to Mathura. Her love may be powerful enough for her husband to see her in
every object. The husband may give himself to her as did Lord Rama to Sita.
Even if He is her property, she can't give Him up ever. They can at best
become one as did Meera and Krishna.
Did I not point out that the Br.Up.
> precludes the sUkshma sharIra's departure from the jnani's body upon
RV: There is no sukshuma sarira for a jnani who has attained oneness with
Ishwara. Ishwara also does not have sukshuma sarira.
> Such being the case where is the individuality that will persist
> in/as Ishwara eternally for a Jnani?
RV: There is no individuality (if by that you mean ahankara) for that
Vishnu (Rudra if you will or Shakti) who is beyond all names and forms.
> In fact, there is no such an entity called jnani upon death. Also, I
> pointed out, from the nyAyarakshaamaNi where Appayya himself has clarified
> his statement on Ishwara prApti for a jnani in the si.le.sang. by saying
> that since Brahmachaitanyam is the
> substrate for the jiva and Ishwara, the jnani being none other than
> brahman, is admitted to be everything. What is difficult in this, keeping
> in mind that even this is only vyAvahArika, as pointed by Shankara, in the
RV: I don't have problem in admitting Audulomi's view that a jnani is
suddha caitanyam. I equally don't have problem in admitting that a jnani is
Ishwara. Only those who see Ishwara as different from Brahman will have
problem with Jaimini's view.
> To which verse is the above commentary?
> RV : Foreword. Not periyava's own words.
> > BTW, Madhusudana clearly talks about two paths -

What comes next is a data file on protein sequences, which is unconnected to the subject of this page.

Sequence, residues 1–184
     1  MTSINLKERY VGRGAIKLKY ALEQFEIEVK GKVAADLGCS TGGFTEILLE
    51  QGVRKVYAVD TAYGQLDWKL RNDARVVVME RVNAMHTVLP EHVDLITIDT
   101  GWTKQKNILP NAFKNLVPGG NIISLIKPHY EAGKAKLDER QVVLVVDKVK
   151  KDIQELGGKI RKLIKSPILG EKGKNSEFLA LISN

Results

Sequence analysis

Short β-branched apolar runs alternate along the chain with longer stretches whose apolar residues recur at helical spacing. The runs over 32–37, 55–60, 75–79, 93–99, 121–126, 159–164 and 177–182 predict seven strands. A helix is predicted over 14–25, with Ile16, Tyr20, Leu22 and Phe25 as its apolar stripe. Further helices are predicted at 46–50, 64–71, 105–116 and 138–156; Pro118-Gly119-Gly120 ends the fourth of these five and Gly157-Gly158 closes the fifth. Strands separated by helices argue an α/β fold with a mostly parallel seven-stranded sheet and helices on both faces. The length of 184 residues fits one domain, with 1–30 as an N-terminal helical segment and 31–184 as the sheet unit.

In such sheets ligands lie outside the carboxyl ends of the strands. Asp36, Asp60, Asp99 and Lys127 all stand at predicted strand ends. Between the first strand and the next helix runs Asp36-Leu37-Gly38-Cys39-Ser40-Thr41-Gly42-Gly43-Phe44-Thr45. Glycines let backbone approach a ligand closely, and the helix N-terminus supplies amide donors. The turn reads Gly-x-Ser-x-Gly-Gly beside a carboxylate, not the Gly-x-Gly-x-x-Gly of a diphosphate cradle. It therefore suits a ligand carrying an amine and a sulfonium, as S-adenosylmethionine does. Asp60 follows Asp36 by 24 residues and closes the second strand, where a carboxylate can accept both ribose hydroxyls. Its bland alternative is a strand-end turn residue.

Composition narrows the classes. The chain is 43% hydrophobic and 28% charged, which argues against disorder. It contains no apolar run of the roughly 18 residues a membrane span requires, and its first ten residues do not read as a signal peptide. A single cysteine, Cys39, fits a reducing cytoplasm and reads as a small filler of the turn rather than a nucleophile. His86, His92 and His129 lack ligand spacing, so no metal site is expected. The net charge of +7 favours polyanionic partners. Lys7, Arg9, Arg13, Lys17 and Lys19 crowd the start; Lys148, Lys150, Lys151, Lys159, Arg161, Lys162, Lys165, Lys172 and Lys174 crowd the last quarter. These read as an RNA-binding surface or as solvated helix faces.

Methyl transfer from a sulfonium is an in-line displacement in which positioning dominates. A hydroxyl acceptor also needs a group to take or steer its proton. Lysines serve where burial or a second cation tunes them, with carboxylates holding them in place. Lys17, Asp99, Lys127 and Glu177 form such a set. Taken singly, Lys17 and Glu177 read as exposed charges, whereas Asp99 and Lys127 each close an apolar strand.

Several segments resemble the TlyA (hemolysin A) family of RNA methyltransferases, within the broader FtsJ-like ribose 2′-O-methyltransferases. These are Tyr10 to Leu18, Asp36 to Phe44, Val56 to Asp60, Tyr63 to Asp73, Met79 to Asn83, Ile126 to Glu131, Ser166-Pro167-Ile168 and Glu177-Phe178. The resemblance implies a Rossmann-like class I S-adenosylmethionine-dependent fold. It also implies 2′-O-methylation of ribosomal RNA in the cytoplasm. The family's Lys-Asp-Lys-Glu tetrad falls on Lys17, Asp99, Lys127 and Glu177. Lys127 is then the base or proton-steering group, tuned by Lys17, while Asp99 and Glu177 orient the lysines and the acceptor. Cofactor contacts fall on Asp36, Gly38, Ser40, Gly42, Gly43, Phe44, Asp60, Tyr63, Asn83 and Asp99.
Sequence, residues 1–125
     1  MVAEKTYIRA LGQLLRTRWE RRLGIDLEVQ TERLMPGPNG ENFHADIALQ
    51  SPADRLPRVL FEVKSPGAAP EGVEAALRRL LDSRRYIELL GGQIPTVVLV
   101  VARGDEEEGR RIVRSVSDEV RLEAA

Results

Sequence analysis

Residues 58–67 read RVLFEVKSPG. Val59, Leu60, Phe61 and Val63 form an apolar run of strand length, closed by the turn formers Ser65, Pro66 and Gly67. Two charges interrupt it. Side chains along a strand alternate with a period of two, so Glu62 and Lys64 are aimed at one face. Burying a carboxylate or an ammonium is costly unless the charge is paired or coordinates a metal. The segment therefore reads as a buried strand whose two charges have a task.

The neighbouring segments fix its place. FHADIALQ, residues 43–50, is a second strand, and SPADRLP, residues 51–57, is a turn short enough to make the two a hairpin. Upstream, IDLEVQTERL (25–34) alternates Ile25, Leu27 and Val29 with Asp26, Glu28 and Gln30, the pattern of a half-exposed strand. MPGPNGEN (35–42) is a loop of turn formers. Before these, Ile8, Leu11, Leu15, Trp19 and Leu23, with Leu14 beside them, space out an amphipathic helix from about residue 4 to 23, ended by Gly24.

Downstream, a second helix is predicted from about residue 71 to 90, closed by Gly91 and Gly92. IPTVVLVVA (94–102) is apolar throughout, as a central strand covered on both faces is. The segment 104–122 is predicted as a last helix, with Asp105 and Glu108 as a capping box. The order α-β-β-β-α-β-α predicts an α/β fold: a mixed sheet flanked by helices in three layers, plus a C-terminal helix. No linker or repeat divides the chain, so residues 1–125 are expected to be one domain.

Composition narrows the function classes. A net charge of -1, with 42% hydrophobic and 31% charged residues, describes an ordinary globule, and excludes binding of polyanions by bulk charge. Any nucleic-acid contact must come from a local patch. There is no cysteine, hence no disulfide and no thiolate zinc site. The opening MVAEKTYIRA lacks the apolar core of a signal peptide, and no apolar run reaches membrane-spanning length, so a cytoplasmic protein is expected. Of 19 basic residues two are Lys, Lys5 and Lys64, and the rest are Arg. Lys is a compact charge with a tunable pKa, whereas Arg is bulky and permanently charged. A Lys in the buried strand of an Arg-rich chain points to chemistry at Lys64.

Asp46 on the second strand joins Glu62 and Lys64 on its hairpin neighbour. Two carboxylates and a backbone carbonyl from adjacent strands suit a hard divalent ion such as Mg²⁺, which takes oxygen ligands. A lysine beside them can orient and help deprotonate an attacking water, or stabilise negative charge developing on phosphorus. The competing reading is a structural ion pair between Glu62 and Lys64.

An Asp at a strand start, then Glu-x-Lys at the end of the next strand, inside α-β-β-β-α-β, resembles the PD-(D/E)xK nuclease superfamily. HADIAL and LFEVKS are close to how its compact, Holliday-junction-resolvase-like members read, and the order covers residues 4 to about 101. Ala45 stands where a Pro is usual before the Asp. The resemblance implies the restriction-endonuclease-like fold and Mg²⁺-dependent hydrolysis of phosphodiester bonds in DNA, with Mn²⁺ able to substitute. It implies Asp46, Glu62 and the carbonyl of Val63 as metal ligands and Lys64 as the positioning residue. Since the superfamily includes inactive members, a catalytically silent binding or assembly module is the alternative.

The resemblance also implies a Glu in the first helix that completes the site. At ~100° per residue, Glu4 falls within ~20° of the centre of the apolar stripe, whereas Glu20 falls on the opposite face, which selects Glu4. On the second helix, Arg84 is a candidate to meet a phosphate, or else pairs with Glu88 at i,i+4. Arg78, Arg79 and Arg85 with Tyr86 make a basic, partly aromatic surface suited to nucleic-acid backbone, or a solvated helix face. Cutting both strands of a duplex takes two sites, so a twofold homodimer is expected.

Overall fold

> > bhakti and jnana. IMO, Sankara does too.
> Where does Madhusudana and Shankara specify two paths?
> RV: Sankara in Ch 12. Madhusudana, in many places in Gudarthadipika and
also Bhaktirasayana. Please read thesis by Lance and Niranjan. These works
are not without faults but hey gave good points on bhakti in advaita.
> Can't you see from that bhashyam that the very concept of Ishwara is
> upAdhi-dependent? And such upAdhi is ignorance-created? And that when
> ignorance is destroyed the upAdhis are destroyed and Ishwaratvam itself
> ceases to exist? What more do you need Shankara to state? There can be no
> greater clarity than here on the ultimate non-existence of
> Ishwara/Ishvaratvam. In fact the very idea of Ishwaratvam is in the realm
> of ignorance-created duality. So, when duality is negated
> Ishwara/Ishwaratvam automatically gets negated. That is what Shankara
> explicitly, not implicitly, states in that sentence.
RV: Your argument is like saying that when a pot is destroyed space is
destroyed. Only the dualistic conception of space as one within and outside
is destroyed not space itself. If Ishwara will become non-existent on
moksha as you say, Jaimini will be plain wrong because he says you will be
Ishwara. Following him, Appayya Dikshitar will also be wrong. They will be
right if you accept eka jiva vada.